‘Many thousands’ of new Ebola cases expected in Liberia – WHO

‘Many thousands’ of new Ebola cases expected in Liberia – WHO
Thousands of new Ebola cases are expected this month in Liberia, where the deadly disease is spreading exponentially and has already killed over 1,000 people, according to the World Health Organization (WHO).

Transmission of the Ebola virus in Liberia is already intense and the number of new cases is increasing exponentially,” the WHO said in a statement on Monday. “Many thousands of new cases are expected in Liberia over the coming 3 weeks.”

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The United Nations agency said that conventional methods to control the outbreak of the virus “are not having an adequate impact in Liberia."

Out of all the nations hit by the disease, the West African country has the highest number of reported Ebola cases and deaths.

The case-fatality rate, at 58 percent, is also among the highest,” the WHO said. As of September 8, over 1,000 people have died out of nearly 2,000 cases.

Health workers wearing protective clothing prepare to carry an abandoned dead body presenting with Ebola symptoms at Duwala market in Monrovia (Reuters / 2Tango)

Taxis “are a hot source of potential Ebola virus transmission.” The vehicles are not disinfected after “entire families, of whom some members are thought to be infected with the Ebola virus, crisscross the city, searching for a treatment bed,” the organization said.

The country lacks Ebola treatment centers, as the virus moves “far faster” than the capacity of such facilities to manage new cases, according to the WHO.

For example, in northwestern Montserrado County – which is home to over a million people – 1,000 beds are currently needed for Ebola patients.

At present only 240 beds are available, with an additional 260 beds either planned or in the process of being put in place. These estimates mean that only half of the urgent and immediate capacity needs could be met within the next few weeks and months,” the organization’s investigation team found out.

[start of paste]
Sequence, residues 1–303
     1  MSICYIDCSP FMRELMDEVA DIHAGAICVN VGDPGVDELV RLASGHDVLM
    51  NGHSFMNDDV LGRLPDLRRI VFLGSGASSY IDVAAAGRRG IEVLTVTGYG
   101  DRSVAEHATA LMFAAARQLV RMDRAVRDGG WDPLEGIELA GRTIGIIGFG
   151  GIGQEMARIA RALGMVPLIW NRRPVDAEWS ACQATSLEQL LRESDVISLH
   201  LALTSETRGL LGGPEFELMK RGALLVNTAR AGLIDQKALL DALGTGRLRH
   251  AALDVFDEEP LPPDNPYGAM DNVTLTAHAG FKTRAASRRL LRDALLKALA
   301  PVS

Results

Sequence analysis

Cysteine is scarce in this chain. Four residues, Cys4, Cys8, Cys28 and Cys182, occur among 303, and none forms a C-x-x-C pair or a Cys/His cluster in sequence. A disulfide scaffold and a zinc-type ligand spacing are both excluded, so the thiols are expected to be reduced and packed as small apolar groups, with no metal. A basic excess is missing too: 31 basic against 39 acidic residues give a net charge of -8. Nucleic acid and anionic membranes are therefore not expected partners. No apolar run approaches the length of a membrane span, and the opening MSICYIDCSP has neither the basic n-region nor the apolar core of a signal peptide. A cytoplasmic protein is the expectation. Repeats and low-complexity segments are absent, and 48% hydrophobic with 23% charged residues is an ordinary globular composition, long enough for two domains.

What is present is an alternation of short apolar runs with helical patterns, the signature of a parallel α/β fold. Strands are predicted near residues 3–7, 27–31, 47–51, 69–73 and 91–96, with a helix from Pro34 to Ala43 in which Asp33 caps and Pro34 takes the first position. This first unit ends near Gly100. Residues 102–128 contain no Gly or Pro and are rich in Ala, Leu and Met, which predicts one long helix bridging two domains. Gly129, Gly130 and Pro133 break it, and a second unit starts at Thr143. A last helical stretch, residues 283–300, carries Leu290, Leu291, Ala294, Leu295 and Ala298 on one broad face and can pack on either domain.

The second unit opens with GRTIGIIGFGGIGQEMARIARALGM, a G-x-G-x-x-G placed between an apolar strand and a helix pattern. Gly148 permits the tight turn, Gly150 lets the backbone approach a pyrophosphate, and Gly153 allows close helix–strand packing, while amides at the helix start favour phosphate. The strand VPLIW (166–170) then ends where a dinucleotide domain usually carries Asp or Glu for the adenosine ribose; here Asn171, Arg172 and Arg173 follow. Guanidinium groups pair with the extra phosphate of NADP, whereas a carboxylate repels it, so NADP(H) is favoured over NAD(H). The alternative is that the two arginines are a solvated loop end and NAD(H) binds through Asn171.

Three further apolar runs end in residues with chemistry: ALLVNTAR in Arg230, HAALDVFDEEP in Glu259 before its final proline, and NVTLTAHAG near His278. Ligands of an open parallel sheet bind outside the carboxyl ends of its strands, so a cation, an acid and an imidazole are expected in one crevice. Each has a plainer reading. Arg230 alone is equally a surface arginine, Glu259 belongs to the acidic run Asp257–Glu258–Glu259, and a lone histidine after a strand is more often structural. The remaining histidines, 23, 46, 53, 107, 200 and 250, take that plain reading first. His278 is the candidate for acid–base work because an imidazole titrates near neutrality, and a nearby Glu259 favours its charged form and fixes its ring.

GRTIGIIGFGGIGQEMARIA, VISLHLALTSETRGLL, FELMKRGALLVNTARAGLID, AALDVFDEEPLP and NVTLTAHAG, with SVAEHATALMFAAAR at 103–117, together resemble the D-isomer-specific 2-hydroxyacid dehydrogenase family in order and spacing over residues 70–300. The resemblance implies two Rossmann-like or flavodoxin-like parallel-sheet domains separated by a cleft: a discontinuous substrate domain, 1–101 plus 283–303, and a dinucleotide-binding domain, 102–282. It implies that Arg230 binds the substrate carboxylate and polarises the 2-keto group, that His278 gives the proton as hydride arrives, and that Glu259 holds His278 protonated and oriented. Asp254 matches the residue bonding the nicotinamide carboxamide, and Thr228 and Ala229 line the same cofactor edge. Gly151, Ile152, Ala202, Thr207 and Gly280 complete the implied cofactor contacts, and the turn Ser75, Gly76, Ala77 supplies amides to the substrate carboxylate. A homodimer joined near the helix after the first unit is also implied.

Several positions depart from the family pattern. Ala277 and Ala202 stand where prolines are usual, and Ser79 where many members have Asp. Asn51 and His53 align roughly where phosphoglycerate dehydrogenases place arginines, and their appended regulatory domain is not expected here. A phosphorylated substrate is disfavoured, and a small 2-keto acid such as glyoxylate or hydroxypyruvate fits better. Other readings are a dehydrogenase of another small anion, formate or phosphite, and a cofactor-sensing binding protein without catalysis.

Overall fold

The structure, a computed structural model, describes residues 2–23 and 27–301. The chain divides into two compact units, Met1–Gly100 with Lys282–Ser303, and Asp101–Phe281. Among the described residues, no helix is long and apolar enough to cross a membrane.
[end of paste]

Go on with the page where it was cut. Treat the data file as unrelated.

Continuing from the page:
Once patients get rejected at treatment centers, they have no other choice but to return to their homes, “where they inevitably infect others."

The deadly infection has also killed 79 health workers in the country, which had only one doctor to treat nearly 100,000 people when the outbreak began. “Every infection or death of a doctor or nurse depletes response capacity significantly,” the WHO said.

The WHO said that organizations combating the Ebola outbreak in Liberia and other countries “need to prepare to scale up their current efforts by three- to-four-fold."

The world’s worst ever Ebola outbreak has already killed 2,100 throughout West Africa.

Health workers wearing protective clothing disinfect themselves after an abandoned dead body presenting with Ebola symptoms was found at Duwala market in Monrovia (Reuters / 2Tango)

Meanwhile, scientists at Oxford University have developed a new map of areas where animals are likely to be infected with the deadly virus, and which are therefore at risk of an Ebola outbreak.

The disease, the university said in a Monday statement, is likely to be circulating across “a vast swathe of forested Central and West Africa." The map covers seven countries which have already reported Ebola transmission from animals to humans, as well as 15 other countries which are likely to be at risk.

Gaining a better understanding of where people are coming into contact with these infected animals, for example through hunting, and how to protect those at risk from Ebola is crucial to preventing future outbreaks,” said Nick Golding, a researcher at Oxford University's Department of Zoology.